Acting and Advertising have a lot in common.

The first rule of advertising when launching a new advertising campagin for a product is to test, test, and test.  And when you’re done, test again.  Because no matter what you think of a logo or a tag line, it’s not until it’s in the market that you know if it works or not.

And with each set of results, you tweak your campaign until you better the results.  Simple.

Acting is no different.  Yes, you need to have a firm grasp on how to present your character before you “launch,” but once you get in front of that audience, you may find that they respond a bit differently than you thought they would.

You could be stubborn, and not allow the audience’s response to affect what you do.  Or, you could treat it like an advertising campaign, and make little tweaks here and there, depending upon the audience’s reaction, to allow them to enjoy your performance even more (provided, of course, that these tweaks [and I’m not talking about making changes to the actual text, mind you] are with the Director’s approval).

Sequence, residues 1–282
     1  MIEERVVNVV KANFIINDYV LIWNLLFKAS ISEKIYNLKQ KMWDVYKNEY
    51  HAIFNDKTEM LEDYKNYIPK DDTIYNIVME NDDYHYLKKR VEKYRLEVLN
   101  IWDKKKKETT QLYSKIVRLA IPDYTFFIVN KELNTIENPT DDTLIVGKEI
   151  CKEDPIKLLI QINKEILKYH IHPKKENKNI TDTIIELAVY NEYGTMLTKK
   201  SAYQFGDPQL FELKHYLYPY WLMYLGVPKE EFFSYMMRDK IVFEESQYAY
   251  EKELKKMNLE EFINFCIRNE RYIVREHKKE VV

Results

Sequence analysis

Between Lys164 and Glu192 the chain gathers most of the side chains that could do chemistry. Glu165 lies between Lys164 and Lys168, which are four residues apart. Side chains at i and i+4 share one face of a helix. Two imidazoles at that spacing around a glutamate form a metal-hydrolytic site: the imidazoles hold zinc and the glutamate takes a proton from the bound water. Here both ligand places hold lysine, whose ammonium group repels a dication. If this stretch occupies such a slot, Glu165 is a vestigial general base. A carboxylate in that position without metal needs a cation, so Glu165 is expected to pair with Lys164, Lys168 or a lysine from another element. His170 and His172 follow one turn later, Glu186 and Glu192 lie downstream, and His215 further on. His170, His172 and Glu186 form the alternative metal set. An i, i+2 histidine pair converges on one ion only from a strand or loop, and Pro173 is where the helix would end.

That’s what’s great about acting for the theater, as opposed to film.  Once that film performance is in ‘the can,’ you can’t make a tweak, no matter what.  You couldn’t even dodge a tomato if it was thrown at you.

But in the theater, you can, and you should, because having a live audience is like a having a focus group in front of you every single night.

To ignore them, would be like a marketing person ignoring metrics.


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Ken created one of the first Broadway podcasts, recording over 250 episodes over 7 years. It features interviews with A-listers in the theater about how they “made it”, including 2 Pulitzer Prize Winners, 7 Academy Award Winners and 76 Tony Award winners. Notable guests include Pasek & Paul, Kenny Leon, Lynn Ahrens and more.